Who inspires Mr Inspiration, Nathan Adrian?

Five-time Olympic swimming gold medallist names fellow cancer survivor Lance Armstrong as his sporting inspiration.
By Rory Jiwani

US swim star Nathan Adrian has inspired people around the globe with his courageous recent revelation.

Fellow swimmers, athletes from all different sports, other cancer survivors or just normal people searching for guidance or motivation.

The five-time Olympic gold medallist found a lump in a testicle and was diagnosed with cancer in December, going public with the news in January. A move that received plenty of attention and admiration...

But who inspires Mr Inspiration?

"There's tons of people that I'm inspired by for different reasons," he said at the Pan American Games, where he continued his comeback from treatment for testicular cancer by winning two gold and three silver medals in Lima.

"If you're asking me who's my sport inspiration, despite whatever he may or may not have done, Lance Armstrong coming back from what he came back from was testament to his strength. I mean, his prognosis was much worse than mine if you look into the nitty-gritty." - Nathan Adrian

Lance Armstrong completes his final Tour de France in 2010

Armstrong was diagnosed with advanced testicular cancer in 1996 but recovered to win seven Tour de France titles and an Olympic bronze medal.

The American was later stripped of all his results after his comeback in 1998 with the US Anti-Doping Agency saying in 2012 he had led "the most sophisticated, professionalised, and successful doping programme that sport has ever seen".

Adrian also told ESPN that Armstrong had wished him well in his recovery, and that his London 2012 gold medal relay team-mate Eric Shanteau, another testicular cancer survivor, had "reached out" to him.

He said, "Lance Armstrong texted me; he was very gracious to do so. Watching them and how they approached their process to getting back is something that I try to do and I try to do as well as I can."

Nathan Adrian celebrates anchoring the USA 4x100m freestyle relay team to victory at the 2019 World Championships in Gwangju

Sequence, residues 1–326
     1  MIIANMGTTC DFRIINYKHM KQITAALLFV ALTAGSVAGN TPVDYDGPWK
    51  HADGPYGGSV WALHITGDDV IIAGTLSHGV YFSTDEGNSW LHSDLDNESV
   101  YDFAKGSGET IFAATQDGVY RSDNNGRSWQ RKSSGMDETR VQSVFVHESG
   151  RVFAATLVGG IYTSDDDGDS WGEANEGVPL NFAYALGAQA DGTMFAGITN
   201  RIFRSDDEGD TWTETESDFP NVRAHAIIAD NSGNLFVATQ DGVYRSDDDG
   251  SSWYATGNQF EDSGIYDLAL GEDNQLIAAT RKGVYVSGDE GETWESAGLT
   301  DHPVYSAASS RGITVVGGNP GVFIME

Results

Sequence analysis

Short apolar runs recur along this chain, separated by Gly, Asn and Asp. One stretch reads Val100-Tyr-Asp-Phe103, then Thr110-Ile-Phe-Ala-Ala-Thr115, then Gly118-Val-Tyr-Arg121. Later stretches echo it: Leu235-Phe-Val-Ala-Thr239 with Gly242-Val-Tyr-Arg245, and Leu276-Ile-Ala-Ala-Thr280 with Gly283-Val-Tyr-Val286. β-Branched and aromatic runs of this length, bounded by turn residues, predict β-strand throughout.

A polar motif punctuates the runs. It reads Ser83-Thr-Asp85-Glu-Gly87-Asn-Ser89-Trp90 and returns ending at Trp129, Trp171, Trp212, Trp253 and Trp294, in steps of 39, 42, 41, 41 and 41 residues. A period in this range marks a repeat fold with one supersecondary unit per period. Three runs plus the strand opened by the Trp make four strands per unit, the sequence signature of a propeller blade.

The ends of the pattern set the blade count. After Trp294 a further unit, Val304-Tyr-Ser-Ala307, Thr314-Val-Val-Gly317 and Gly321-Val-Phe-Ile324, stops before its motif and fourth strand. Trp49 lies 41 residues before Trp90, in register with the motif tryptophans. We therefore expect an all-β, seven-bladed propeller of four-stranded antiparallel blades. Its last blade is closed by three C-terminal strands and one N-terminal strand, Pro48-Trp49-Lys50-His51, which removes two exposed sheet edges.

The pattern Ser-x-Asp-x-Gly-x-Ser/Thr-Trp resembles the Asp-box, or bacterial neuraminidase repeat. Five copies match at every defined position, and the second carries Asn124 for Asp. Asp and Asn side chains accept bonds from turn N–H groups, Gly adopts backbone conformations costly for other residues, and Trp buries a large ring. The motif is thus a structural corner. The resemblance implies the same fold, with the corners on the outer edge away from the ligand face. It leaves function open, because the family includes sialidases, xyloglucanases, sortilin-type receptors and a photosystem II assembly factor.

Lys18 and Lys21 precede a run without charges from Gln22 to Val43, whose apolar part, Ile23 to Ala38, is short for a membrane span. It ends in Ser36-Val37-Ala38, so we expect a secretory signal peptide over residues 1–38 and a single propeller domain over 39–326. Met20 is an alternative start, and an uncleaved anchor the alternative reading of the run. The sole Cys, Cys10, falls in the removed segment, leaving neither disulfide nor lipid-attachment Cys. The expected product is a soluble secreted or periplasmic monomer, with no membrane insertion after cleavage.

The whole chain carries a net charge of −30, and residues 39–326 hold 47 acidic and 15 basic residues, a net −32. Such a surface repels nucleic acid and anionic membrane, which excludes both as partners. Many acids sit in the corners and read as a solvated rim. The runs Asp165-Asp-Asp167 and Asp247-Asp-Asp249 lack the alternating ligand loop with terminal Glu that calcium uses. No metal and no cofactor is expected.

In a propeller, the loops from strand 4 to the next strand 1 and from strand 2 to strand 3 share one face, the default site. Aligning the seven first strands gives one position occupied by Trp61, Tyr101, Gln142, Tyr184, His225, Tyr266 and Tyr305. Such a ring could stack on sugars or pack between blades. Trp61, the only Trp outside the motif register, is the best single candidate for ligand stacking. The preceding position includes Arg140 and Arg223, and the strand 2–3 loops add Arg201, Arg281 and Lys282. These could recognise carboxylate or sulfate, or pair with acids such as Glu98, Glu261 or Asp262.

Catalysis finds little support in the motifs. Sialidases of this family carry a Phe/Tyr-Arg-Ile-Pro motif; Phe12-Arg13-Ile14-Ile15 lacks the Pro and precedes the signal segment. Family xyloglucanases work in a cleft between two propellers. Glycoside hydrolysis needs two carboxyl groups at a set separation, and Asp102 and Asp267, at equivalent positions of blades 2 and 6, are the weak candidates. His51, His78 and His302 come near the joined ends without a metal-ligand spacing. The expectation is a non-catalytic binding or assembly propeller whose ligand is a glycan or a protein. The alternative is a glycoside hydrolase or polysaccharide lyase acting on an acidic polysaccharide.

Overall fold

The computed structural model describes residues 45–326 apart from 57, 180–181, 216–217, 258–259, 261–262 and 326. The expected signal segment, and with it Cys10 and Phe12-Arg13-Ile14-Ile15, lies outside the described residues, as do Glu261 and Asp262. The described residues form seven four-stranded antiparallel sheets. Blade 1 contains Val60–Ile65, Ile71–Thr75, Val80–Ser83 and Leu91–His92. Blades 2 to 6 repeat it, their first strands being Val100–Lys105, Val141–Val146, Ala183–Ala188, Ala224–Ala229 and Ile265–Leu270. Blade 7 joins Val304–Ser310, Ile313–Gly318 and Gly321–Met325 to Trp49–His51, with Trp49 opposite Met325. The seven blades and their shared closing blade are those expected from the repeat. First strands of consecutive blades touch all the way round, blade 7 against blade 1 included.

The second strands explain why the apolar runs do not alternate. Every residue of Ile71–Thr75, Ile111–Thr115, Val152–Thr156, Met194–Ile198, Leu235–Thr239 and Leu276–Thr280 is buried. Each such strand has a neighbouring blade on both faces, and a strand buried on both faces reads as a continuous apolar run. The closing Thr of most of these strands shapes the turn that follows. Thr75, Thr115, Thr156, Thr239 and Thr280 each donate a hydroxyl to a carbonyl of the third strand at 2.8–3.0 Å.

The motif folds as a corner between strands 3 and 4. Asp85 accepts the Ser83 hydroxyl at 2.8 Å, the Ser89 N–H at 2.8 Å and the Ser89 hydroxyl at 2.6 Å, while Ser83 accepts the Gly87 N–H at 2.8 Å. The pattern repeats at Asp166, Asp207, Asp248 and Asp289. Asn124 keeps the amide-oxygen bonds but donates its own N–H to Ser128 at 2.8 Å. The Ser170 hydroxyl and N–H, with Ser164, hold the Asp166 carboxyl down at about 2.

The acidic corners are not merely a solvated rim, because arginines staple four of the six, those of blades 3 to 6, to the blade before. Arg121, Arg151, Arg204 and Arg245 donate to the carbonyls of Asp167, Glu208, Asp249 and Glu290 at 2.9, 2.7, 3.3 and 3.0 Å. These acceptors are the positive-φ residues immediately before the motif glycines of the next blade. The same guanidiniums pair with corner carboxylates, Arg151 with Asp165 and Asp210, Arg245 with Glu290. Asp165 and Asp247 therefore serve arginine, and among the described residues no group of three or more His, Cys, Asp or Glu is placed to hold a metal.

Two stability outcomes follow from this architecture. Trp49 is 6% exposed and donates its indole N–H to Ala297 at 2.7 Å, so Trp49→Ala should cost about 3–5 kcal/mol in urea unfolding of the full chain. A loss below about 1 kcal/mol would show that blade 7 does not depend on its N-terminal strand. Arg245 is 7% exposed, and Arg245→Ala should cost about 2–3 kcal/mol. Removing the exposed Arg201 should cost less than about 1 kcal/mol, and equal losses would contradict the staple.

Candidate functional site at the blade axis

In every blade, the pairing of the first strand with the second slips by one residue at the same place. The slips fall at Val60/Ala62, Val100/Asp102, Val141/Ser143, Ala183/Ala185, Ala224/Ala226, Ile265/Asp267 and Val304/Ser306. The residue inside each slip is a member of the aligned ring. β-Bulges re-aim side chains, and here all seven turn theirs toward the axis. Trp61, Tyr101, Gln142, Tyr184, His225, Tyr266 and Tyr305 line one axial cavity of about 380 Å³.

On the way back

After the shocking diagnosis at the beginning of this year, Adrian took just two weeks out to have the testicle and a number of lymph nodes removed before returning to the pool.

That surgery is still causing discomfort with the London 2012 individual 100m freestyle champion saying, "They cut through my abdominal wall five times. So like, my abs are kind of little bit off, and I do funny compensation patterns in my squats and my jumps and stuff that I didn't used to do.

"But we're trying to identify those and eliminate them as quickly as possible."

Just six months after those two operations, Adrian was reprising his long-standing role as Mr Reliable anchoring USA relay teams at the World Championships in Gwangju.

He won two golds, in the men's and mixed 4x100m freestyle, plus silver in the men's 4x100m medley.

USA 4x100m mixed freestyle relay world champions (L-R): Margo Geer, Alexandra de Loof, Nathan Adrian and Michael Chadwick

"I think about Tokyo all the time"

Adrian still has 18 months of "surveilance" after his last operation to remove cancerous cells, but he is determined to qualify for his fourth Olympic Games at Tokyo 2020 next year.

He knows he will have to be at his best to even make the team.

The 30-year-old told ESPN, "I think about Tokyo all the time. I mean, USA just got insanely fast this year, which is an awesome, awesome thing.

"For the 100 freestyle, it's going to take a 47 [seconds], it's going to take what had medalled [at Rio 2016] just to make our relay team. I think that's awesome, but again, that means that we're going to have to be that focused in order to just get yourself on the team next year."

Detecting the cancer so early gave Adrian an excellent chance of making a full, and quick recovery, and he hopes his experience can help others.

Speaking to the Associated Press, he said, "If you feel that something is going on, you have to go see a doctor.

"A lot of guys wait. They feel something going on there, and then they wait until their treatment options are a little narrower and the prognosis isn’t quite as good. But if they get in there early, and early detection is key, hopefully everyone can live a little bit longer.

"It has completely changed my outlook. At the end of my time here on Earth, whenever that may be, I don’t think that the first thing on my mind is going to be how many gold medals I’ve had." - Nathan Adrian